SEATTLE - Healthy Food America congratulates Seattle for becoming the eighth community in the US to join the growing national movement to adopt sugary drink taxes. We applaud Seattle’s health, early childhood and equity advocates; the City Council; and the Mayor for adopting a tax on sugary drink distributors of 1.75 cents tax per ounce. The move puts public health and community well-being above Big Soda’s multi-billion dollar profits.
Big Soda endeavors to divide communities using the cover of racial and cultural diversity, issuing threats of job loss and raising cries of “nanny state.” But make no mistake, Big Soda has one motive: profit. The reality is that scientific evidence of the harm caused by added sugar and sugary drinks is strong and growing. And recent studies show that taxes on sugary drinks work as one of the most effective strategies to reduce sales and consumption and thereby can prevent diabetes, obesity and other chronic health conditions.
Sugary drinks account for nearly half (46 percent) of the added sugars in the American diet. A tax will reduce sales and generate revenue that can be used to prevent and address chronic conditions created by sugary drinks in the most-affected communities. In Seattle, the tax is estimated to raise as much as $15 million per year. As with tobacco, taxing harmful products to increase public awareness of their negative health consequences and to make it easier for people to avoid them if they want is critical to preventing chronic diseases and helping people take better care of themselves and their families.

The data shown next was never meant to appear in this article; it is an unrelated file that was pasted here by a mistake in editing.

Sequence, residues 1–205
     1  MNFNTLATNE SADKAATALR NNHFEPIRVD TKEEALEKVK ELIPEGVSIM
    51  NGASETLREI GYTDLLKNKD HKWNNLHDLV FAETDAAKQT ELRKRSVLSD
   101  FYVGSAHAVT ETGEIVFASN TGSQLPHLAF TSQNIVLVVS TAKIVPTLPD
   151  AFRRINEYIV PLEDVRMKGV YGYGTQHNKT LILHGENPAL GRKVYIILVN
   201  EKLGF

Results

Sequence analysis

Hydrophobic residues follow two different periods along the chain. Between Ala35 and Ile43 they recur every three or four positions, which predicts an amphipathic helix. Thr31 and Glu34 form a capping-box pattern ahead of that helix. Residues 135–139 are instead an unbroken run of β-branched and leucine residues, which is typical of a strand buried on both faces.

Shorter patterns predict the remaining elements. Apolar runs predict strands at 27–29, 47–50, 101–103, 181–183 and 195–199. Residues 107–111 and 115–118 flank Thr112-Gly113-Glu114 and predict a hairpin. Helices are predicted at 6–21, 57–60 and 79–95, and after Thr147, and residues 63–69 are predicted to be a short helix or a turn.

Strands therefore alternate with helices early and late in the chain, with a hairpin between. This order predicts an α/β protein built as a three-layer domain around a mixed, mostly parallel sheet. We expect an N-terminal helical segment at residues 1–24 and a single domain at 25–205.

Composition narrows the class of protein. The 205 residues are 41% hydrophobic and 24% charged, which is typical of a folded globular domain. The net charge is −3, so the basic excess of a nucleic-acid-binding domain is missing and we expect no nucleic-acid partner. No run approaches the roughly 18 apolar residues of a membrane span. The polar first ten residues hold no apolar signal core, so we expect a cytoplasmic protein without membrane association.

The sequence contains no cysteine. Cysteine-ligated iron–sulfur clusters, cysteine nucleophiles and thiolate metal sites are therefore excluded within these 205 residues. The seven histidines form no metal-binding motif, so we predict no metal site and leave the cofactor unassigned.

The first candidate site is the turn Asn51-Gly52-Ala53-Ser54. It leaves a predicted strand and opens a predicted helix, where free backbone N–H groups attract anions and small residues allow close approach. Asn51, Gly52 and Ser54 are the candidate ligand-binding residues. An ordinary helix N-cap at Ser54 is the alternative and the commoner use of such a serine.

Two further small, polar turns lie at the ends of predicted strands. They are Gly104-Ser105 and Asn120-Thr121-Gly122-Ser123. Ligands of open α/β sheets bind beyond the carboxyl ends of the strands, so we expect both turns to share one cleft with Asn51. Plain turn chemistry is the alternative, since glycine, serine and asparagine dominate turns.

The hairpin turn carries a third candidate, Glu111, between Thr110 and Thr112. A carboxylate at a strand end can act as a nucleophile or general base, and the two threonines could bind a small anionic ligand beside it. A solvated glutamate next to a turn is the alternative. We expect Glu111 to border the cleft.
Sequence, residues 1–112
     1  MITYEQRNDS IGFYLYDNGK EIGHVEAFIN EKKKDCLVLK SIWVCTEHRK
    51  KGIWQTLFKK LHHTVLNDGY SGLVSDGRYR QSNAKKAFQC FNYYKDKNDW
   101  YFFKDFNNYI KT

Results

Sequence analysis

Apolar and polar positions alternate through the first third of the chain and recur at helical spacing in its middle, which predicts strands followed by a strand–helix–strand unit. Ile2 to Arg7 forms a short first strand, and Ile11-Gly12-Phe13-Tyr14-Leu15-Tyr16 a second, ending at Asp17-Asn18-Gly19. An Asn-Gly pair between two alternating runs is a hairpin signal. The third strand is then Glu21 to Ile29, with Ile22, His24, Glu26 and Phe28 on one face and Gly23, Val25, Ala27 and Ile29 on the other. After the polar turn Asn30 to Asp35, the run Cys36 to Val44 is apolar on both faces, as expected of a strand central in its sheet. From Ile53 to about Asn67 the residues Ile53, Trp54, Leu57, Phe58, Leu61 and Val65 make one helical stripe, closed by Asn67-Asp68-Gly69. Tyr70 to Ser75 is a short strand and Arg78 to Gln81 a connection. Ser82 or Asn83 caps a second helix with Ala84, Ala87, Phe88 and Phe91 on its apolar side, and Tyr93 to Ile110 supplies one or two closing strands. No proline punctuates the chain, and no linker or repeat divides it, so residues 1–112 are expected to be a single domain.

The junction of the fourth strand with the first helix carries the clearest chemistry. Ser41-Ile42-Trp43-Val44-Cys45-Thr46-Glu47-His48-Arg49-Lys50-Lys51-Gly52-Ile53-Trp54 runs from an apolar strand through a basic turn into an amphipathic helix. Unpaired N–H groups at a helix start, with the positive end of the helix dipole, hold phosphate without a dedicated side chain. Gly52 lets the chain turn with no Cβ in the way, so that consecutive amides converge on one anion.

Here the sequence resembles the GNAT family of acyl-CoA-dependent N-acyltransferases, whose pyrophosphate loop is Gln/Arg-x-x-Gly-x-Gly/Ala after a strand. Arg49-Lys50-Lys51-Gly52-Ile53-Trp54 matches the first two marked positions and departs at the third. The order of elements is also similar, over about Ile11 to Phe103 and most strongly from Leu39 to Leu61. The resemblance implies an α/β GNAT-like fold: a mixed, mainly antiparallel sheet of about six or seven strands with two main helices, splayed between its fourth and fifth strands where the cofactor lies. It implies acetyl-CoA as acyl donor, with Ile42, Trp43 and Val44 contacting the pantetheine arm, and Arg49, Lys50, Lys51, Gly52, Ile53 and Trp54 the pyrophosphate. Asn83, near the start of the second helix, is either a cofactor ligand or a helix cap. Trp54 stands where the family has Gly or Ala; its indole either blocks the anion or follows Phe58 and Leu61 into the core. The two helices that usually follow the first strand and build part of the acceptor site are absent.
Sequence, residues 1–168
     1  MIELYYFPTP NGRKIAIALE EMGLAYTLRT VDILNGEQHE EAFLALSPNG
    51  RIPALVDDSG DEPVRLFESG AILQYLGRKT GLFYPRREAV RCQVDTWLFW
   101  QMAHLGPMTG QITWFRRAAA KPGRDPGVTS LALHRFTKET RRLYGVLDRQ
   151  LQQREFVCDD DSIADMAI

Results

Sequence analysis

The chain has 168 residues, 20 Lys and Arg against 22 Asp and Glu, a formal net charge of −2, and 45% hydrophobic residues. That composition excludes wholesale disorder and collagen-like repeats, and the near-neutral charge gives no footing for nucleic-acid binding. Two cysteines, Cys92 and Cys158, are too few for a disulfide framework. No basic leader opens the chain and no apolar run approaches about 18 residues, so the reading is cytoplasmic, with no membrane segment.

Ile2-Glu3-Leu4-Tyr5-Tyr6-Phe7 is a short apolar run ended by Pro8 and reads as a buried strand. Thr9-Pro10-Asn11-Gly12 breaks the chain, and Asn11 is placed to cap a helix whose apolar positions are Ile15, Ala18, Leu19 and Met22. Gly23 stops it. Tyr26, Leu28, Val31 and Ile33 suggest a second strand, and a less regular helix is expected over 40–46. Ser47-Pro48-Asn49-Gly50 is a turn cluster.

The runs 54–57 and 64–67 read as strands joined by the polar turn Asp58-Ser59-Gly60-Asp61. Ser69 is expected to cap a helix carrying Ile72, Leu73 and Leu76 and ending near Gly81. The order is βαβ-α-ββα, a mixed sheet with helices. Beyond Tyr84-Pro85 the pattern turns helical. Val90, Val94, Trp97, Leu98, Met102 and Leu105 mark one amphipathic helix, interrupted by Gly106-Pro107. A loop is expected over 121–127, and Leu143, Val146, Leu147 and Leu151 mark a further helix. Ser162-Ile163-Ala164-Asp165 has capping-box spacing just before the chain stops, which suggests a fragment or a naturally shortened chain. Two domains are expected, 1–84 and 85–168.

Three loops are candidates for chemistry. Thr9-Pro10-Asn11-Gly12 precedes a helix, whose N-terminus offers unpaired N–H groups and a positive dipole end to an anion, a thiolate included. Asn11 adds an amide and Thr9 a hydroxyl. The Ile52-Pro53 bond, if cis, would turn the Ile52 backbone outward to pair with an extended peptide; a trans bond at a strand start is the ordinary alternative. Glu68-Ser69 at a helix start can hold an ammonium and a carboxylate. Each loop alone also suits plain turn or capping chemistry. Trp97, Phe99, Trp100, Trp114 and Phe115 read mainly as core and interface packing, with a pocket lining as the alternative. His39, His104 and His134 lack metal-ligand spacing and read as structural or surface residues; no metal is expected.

The passage of the sugary drink tax will undoubtedly encourage more communities to adopt this progressive policy so they too can reap its benefits.
About Healthy Food America
Healthy Food America acts on science to drive change in policy and industry practice so that all people can live in places where nutritious food is easy to obtain and exposure to unhealthy products is limited. Chronic diseases caused by poor nutrition from unhealthy foods and beverages are the major causes of death and poor health in the U.S., including obesity, diabetes, heart and liver disease or tooth decay. Communities of color and low-income families are hardest hit by these preventable conditions. Poor nutrition is the largest contributor to all these diseases, driven by the pervasive presence and relentless marketing of junk food and beverages, especially to kids and the most vulnerable. We are coordinating with other advocates to energize a national movement to roll back added sugars in food and beverages to healthful levels. Please read more about our work at HealthyFoodAmerica.Org.